{ WEB EXCLUSIVE—Book excerpt: The Many Lives of the Crystal Ballroom }

{ WEB EXCLUSIVE—Video: The Lewis Alumni Centre Story }

New Media

:: The Aesthetics of Strangeness: Eccentricity and Madness in Early Modern Japan by W. Puck Brecher

:: Hunger Immortal: The First Thirty Years of the West Seattle Food Bank, 1983–2013 by Ronald F. Marshall ’71

:: Legal Guide to Social Media: Rights and Risks for Businesses and Entrepreneurs by Kimberly A. Houser

:: New & Noteworthy: Kierkegaard for the Church: Essays and Sermons by Ronald F. Marshall ’71; The Whiskey Creek Water Company by Jan Walker ’60; Into the Storm: Journeys with Alzheimer’s edited by Collin Tong; Teeing Up for Success Cheri Brennan ’72, contributor; So This Is Christmas by Jim Devitt ’86

On the cover: Milky Way galaxy over Mount Rainier from Sunrise Point—meteorites show up as streaks of light. This image was a winner in Smithsonian magazine’s 10th annual photo contest. Photo by Dave Morrow. See the entire image.

First Words

First Words for Summer 2014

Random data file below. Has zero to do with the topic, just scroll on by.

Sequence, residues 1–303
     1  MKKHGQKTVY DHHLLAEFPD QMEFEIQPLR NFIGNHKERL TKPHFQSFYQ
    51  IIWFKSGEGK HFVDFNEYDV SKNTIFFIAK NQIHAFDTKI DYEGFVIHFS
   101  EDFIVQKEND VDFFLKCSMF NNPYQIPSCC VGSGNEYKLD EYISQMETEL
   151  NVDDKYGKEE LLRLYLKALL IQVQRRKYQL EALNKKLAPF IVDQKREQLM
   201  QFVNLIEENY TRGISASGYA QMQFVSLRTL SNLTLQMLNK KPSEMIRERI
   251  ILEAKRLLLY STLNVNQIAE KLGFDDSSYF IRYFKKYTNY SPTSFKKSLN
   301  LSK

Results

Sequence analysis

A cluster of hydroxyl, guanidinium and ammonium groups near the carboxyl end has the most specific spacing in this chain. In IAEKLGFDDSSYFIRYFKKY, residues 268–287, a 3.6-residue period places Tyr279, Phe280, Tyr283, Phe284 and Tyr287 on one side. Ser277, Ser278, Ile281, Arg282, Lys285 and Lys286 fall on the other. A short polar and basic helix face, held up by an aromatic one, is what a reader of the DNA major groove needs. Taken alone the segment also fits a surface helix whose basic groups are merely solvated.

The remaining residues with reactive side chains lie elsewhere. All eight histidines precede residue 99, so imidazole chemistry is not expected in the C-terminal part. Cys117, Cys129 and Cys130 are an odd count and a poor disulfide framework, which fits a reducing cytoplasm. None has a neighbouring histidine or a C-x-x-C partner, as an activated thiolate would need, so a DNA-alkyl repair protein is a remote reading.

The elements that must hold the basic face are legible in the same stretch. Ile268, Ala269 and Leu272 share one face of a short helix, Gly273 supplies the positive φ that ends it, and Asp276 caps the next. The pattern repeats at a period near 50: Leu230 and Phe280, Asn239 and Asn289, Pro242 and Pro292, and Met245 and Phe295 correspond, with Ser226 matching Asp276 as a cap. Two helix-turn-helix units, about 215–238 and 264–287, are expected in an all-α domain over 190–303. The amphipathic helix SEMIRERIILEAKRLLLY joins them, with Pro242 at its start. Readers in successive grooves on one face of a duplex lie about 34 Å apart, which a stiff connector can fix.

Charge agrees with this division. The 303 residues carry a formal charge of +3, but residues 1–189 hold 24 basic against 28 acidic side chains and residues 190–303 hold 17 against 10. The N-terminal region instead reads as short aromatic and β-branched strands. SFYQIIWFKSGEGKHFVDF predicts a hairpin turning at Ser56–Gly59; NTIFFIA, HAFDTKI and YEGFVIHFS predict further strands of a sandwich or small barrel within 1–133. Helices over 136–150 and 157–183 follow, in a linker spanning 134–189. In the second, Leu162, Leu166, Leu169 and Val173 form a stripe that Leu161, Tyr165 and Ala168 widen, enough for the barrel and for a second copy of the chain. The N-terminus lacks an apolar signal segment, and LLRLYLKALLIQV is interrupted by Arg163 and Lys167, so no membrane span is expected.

by | © Washington State University

As spring surrenders to summer, so must we yield our state to its youngest residents, approximately 1.15 million children and teens who will soon take over our communities, yards, pools, beaches, and parks.

Milky Way over Mt. Rainier

One of my early memories is of exploring a campsite on Mount Rainier. I remember roaming around the spot on a cool June morning, exploring a paved road dusted with pine needles and peering into the wet shadows of the woods. Laced into my first hiking boots, I followed my parents along the Sunrise Nature trail, an easy 1.5 mile loop that took us through lush alpine meadows and gave us views of our state’s iconic mountain.

My fellow editor Larry Clark grew up on the opposite side of the state. But he has similar memories of exploring the woods around Newport with his dog Sport, fishing and rafting along the Pend Oreille River, and hunting for huckleberries, contending with stinging nettles and a mad badger.

Though we spent our childhoods on different sides of Washington, one of us in a city and the other in a rugged rural community, we’ve had similar experiences and feel similar attachments to this most amazing state. What a great place Washington is to grow up in!